Our recent study examining the Somalis in Finland takes notice of the often overlooked political potential among immigrants.[i] The Somali-speaking minority has around 16,000 members and is the most visible and widely known group with background in humanitarian migration. According to an EU-MIDIS report, it also experiences more ethnic discrimination than other foreign-born groups in Finland, such as Russians and Estonians.

We concentrated on two types of political participation, i.e. voting in municipal elections and activity in civic associations. The first analysis was based on individual-level data on turnout in the 2012 Finnish municipal elections. In Finland, foreign residents (other than Nordic and EU citizens) are entitled to vote and/or run as a candidate in municipal elections if they have a domicile in Finland continuously for two years and 51 days prior to an election. The data were compiled from those electoral wards that utilised electronic voter register (n=585,839). The data, administrated by the Ministry of Justice, were released to Statistics Finland after the elections. In Statistics Finland, the information on whether a person voted or not was linked to various indicators of the individual’s socioeconomic status and migration history with the help of personal identification numbers. Altogether, the data included 492 voters born in Somalia.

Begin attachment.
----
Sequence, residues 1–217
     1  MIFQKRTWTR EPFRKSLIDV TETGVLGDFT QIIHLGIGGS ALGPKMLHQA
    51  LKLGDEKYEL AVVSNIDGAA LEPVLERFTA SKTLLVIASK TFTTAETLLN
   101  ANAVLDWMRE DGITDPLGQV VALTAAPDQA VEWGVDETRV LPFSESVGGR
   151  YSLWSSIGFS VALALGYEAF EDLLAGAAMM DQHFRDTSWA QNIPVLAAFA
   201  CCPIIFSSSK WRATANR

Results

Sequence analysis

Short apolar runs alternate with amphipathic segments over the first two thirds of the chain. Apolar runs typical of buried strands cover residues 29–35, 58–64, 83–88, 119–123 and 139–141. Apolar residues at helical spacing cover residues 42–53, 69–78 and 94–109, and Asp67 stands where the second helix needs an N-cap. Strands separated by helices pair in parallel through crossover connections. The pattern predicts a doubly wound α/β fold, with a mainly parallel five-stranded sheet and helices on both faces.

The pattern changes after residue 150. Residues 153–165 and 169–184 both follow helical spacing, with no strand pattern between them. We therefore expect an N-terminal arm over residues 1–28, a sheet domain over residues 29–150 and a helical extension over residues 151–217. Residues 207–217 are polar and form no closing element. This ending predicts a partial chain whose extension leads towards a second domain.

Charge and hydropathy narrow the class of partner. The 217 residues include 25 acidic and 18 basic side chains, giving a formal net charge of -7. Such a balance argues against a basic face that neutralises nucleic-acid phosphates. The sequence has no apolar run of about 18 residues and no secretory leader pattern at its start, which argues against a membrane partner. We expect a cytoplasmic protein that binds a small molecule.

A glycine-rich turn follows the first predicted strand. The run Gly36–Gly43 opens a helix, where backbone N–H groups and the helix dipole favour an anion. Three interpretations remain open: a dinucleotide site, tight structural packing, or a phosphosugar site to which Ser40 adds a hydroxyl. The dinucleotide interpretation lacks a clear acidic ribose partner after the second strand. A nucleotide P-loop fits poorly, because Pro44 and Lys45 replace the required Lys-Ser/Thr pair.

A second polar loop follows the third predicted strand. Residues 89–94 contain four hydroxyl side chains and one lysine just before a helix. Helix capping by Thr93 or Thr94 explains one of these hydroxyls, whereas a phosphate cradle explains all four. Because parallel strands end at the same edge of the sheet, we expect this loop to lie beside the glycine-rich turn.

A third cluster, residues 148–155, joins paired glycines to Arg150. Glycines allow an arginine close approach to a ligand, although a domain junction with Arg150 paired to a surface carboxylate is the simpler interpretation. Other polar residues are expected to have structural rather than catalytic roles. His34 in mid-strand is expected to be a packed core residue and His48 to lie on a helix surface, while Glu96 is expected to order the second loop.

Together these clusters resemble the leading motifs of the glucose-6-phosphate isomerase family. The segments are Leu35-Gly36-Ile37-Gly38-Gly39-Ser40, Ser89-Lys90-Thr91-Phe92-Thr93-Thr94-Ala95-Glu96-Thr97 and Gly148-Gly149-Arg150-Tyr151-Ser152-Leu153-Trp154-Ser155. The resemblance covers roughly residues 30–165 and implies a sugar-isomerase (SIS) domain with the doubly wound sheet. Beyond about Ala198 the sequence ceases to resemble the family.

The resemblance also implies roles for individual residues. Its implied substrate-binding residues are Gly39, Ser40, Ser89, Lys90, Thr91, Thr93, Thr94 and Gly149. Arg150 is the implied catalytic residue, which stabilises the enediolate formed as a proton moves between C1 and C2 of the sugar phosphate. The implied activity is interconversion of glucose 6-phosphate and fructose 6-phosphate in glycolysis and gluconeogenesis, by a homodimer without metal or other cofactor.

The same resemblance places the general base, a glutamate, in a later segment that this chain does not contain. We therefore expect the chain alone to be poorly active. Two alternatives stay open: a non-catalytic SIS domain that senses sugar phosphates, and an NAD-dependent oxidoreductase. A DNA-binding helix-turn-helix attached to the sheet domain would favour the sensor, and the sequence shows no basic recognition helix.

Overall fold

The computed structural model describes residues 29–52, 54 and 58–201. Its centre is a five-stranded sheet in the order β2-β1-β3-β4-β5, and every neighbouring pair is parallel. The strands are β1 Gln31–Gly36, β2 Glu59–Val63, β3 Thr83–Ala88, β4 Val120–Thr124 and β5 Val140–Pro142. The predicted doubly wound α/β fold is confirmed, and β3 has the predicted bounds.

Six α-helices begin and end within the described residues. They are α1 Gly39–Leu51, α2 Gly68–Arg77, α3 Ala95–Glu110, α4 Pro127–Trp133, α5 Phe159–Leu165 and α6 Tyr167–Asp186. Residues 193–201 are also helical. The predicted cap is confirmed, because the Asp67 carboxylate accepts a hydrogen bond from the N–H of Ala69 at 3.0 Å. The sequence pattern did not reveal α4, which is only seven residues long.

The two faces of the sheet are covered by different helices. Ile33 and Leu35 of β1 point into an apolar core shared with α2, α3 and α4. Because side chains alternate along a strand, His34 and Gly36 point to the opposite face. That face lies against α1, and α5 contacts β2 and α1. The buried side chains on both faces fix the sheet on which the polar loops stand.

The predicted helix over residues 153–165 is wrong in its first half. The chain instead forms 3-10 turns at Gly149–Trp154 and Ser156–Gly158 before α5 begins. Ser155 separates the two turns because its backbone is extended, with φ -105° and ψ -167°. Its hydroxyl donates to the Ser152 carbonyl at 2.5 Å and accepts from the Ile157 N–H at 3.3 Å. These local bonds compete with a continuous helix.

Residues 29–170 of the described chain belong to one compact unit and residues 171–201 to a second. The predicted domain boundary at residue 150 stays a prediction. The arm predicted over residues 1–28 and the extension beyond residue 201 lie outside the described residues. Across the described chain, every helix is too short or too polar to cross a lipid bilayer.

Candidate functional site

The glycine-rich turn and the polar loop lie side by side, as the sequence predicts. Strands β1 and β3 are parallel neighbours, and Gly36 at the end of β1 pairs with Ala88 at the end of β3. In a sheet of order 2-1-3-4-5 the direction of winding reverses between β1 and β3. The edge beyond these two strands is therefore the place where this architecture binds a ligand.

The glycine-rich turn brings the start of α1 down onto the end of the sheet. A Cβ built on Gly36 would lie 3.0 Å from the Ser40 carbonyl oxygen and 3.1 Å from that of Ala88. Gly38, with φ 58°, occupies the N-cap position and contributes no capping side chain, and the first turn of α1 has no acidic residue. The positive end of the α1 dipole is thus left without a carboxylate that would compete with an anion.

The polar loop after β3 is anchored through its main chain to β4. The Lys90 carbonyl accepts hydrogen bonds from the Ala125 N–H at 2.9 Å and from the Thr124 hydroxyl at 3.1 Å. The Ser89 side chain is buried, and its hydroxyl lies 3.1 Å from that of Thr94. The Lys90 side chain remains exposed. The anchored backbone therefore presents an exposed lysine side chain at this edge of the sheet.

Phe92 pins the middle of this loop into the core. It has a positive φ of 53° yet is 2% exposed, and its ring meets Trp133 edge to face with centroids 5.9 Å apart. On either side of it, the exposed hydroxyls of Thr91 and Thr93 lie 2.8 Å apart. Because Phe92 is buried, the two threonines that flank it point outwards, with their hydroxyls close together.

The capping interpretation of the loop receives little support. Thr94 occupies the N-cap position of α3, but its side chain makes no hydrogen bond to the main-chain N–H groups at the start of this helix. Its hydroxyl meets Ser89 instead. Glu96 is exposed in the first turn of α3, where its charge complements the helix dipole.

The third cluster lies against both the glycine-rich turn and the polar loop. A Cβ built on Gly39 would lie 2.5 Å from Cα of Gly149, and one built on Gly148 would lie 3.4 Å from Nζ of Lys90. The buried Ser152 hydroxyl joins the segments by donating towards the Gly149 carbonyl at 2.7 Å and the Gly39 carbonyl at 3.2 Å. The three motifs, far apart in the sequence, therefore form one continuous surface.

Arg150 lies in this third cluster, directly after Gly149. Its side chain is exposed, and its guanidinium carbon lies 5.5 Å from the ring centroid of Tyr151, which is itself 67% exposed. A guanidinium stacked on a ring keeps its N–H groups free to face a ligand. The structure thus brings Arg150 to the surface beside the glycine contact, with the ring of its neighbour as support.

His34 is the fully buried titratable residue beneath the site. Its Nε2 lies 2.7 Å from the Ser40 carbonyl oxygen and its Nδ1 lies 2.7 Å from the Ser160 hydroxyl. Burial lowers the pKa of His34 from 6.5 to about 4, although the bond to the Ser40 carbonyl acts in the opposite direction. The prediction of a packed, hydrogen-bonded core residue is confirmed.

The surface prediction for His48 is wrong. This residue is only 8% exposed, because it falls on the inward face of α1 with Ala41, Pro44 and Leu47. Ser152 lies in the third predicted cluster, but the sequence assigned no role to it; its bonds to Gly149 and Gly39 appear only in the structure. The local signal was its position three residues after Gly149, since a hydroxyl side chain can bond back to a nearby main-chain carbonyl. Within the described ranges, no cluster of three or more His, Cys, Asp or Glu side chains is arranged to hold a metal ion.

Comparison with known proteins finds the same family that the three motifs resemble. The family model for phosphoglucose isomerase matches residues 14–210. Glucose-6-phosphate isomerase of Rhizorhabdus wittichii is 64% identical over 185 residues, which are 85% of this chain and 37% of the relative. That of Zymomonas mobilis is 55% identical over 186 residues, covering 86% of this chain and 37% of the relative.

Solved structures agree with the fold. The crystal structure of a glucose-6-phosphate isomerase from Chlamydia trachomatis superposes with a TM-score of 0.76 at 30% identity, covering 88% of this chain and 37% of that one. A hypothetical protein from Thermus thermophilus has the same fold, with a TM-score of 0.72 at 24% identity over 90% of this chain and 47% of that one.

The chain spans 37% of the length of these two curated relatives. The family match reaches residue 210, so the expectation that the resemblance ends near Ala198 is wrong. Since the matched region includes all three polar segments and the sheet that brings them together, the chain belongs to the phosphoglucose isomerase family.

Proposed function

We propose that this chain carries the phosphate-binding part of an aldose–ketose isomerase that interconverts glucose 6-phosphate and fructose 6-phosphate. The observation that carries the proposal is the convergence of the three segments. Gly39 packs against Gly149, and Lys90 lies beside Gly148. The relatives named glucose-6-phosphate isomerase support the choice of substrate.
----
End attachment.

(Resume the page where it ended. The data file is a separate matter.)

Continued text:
Our results show that turnout among Somali-born voters in the 2012 municipal elections, at 40%, was only slightly lower than among voters born in Sweden and clearly topped participation among Estonians and Russians. Interestingly, Somali men were fractionally more active voters compared to women (40% vs. 39%). This observation challenges stereotype of migrant women, often portrayed as more vulnerable and more politically passive than men of the same origin.